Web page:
These tendencies were fundamentally English, though more fully developed in America, as an orchard tree grown for centuries in one country may, when placed in a new soil under a new sun, put forth more abundant foliage and fruit of richer flavour. The Americans, however, began soon after the Revolution to think of themselves, and the less instructed sections among them have continued so to think, as a new people. They fancied their history to have begun from 1776, or at earliest from 1607 and 1620, forgetting, in the pride of their new nationalism, that both their character and their institutions were due to causes that had been at work centuries before, as far back as Magna Charta and even as the Folk Mots of their primitive ancestors in the days of Ecghbert and Alfred. Rather were they an old people, the heirs of many ages, though under the stimulus of a new nature and an independent life renewing their youth even as the age of an eagle.
Such was the land and such the people in which the greatest of modern democracies began to build up its frame of government. On what foundations of doctrine was the structure made to rest?
The Americans of the Revolution started from two fundamental principles or dogmas. One was Popular Sovereignty. From the People all power came: at their pleasure and under their watchful supervision it was held: for their benefit and theirs alone was it to be exercised. The other principle was Equality. This had from the first covered the whole field of private civil rights with no distinctions of privilege. Equality of political rights was for a time incomplete, voting power being in some States withheld from the poorest as not having a permanent stake in the community, but in course of time all the States placed all their citizens on the same footing.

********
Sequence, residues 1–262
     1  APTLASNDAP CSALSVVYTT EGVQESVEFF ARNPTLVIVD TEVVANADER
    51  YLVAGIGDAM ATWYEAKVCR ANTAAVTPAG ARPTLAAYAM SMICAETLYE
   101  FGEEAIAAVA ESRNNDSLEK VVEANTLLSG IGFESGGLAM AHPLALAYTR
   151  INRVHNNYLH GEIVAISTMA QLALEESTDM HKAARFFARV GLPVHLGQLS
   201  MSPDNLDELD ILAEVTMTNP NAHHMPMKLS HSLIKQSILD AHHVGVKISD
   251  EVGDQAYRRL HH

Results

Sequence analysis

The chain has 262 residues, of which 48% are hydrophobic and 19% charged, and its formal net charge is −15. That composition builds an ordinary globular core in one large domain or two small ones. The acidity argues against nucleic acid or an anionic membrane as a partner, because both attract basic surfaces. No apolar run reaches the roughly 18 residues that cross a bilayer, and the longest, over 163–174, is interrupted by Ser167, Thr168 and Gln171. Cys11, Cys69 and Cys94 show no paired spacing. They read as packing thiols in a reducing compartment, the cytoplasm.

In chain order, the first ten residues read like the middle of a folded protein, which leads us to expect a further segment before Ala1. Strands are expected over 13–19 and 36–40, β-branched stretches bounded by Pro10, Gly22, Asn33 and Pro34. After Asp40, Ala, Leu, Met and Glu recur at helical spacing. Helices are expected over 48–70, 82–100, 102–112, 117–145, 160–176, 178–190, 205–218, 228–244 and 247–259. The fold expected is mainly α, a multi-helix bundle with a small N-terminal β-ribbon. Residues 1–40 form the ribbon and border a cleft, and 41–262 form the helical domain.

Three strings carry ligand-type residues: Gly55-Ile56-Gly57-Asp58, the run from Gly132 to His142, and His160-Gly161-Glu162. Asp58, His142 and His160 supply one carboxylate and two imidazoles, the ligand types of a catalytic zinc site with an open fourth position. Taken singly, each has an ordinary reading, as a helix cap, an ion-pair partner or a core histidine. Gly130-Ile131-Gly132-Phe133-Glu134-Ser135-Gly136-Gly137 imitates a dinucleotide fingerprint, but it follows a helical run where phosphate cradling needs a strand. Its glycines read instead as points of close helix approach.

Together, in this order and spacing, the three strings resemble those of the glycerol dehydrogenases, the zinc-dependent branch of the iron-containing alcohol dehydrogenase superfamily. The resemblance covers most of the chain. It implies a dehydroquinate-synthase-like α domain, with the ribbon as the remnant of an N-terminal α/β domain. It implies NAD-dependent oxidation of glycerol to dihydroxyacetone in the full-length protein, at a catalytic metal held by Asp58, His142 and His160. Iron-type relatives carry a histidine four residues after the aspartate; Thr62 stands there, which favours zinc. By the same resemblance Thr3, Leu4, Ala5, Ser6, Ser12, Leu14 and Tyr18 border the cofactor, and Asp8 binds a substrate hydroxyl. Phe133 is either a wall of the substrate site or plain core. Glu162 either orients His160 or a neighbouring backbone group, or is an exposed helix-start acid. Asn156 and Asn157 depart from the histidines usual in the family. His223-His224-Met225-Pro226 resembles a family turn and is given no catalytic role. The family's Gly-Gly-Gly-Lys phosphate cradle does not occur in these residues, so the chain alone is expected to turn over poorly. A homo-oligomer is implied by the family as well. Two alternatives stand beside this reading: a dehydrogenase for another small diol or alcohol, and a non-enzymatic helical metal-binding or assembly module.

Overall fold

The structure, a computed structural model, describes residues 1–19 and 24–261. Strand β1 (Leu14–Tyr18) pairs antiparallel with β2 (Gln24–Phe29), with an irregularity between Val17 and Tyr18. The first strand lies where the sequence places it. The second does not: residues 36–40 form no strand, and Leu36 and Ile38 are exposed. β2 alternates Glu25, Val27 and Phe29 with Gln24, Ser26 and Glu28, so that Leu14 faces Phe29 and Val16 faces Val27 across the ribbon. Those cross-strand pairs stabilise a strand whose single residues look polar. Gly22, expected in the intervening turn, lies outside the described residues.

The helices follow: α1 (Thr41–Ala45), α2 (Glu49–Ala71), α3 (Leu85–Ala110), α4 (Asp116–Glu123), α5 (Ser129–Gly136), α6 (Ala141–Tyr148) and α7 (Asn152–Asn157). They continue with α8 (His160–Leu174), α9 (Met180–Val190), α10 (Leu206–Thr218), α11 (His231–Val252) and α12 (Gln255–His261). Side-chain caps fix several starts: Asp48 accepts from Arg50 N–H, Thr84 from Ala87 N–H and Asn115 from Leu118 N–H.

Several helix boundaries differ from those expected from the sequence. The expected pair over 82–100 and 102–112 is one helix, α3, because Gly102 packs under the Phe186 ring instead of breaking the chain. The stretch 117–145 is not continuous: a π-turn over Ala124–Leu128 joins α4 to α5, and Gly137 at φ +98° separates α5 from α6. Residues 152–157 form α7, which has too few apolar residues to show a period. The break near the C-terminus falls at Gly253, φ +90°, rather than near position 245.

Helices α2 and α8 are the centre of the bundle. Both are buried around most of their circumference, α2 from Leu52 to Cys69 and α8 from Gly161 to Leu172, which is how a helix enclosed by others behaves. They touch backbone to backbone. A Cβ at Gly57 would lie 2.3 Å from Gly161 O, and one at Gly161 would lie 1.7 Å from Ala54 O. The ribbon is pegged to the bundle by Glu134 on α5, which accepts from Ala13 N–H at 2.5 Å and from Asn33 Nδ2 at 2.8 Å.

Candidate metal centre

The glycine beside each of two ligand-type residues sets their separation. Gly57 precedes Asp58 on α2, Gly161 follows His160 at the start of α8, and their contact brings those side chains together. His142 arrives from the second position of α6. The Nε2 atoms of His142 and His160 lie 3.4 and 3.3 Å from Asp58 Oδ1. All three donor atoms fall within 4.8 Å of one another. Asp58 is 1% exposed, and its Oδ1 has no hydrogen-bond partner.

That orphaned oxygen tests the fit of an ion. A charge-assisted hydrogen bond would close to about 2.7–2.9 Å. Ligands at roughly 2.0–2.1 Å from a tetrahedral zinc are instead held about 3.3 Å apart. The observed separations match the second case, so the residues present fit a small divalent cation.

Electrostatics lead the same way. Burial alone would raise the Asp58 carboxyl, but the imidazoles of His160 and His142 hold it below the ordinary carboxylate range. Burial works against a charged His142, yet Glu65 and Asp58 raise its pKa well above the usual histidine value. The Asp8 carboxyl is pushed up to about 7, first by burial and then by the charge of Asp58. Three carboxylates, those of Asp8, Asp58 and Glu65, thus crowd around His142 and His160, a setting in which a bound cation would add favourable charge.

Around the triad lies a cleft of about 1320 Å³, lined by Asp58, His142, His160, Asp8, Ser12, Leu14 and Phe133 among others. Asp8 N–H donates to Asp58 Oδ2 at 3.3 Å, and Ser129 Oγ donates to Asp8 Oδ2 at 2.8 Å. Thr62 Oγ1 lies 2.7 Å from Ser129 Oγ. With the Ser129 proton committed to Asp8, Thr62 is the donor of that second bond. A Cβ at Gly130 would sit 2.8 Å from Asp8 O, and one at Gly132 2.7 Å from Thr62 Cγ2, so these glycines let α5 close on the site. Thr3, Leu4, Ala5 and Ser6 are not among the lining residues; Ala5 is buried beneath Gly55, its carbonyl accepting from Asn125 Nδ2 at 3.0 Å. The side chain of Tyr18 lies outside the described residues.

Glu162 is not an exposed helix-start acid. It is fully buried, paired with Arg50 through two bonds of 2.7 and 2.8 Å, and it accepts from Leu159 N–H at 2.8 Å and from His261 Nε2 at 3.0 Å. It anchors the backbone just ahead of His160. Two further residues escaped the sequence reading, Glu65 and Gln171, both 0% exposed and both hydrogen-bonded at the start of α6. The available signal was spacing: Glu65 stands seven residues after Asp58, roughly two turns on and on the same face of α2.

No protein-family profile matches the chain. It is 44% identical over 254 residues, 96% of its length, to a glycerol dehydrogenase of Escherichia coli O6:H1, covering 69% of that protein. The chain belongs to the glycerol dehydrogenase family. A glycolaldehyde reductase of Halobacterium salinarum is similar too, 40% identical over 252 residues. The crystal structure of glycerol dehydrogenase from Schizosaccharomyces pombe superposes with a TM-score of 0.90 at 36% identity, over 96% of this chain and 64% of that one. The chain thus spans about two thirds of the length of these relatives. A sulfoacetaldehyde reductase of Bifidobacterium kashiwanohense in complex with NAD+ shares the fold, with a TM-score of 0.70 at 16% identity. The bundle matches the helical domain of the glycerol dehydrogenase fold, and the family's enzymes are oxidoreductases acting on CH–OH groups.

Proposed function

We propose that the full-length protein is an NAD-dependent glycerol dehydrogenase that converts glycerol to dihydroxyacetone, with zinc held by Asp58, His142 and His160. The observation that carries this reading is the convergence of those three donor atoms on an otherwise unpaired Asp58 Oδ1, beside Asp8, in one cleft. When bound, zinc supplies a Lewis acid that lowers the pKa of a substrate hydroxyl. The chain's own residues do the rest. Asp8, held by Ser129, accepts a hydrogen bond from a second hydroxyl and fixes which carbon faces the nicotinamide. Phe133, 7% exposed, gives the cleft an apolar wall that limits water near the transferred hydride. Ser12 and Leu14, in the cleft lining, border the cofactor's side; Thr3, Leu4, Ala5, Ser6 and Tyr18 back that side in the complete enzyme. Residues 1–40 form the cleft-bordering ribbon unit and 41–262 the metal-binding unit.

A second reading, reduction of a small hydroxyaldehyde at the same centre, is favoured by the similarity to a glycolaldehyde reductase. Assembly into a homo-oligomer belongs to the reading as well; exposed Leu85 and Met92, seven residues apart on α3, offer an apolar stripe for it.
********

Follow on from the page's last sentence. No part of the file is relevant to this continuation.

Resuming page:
Along with these two principles certain other doctrines were so generally assumed as true that men did not stop to examine, much less to prove them. Nearly all believed that the possession of political rights, since it gives self-respect and imposes responsibility, does, of itself make men fit to exercise those rights, so that citizens who enjoy liberty will be sure to value it and guard it. Their faith in this power of liberty, coupled with their love of equality, further disposed them to regard the differences between one citizen and another as so slight that almost any public functions may be assigned to any honest man, while fairness requires that such functions should go round and be enjoyed by each in turn. These doctrines, however, did not exclude the belief that in the interest of the people no one chosen to any office must enjoy it long or be allowed much discretion in its exercise, for they held that though the private citizen may be good while he remains the equal of others, power is a corrupting thing, so the temptation to exceed or misuse functions must be as far as possible removed.
There were very few negroes in the North, though slavery existed in 1783 in all States except Rhode Island, Pennsylvania, and possibly (for the point seems doubtful) in Massachusetts and New Hampshire.
The European Wars, which began in 1792 and ended in 1814, raised controversies with Britain which culminated in the war of 1812–14, but thereafter questions of foreign policy affected but slightly the politics and general constitutional development of America down till our own time.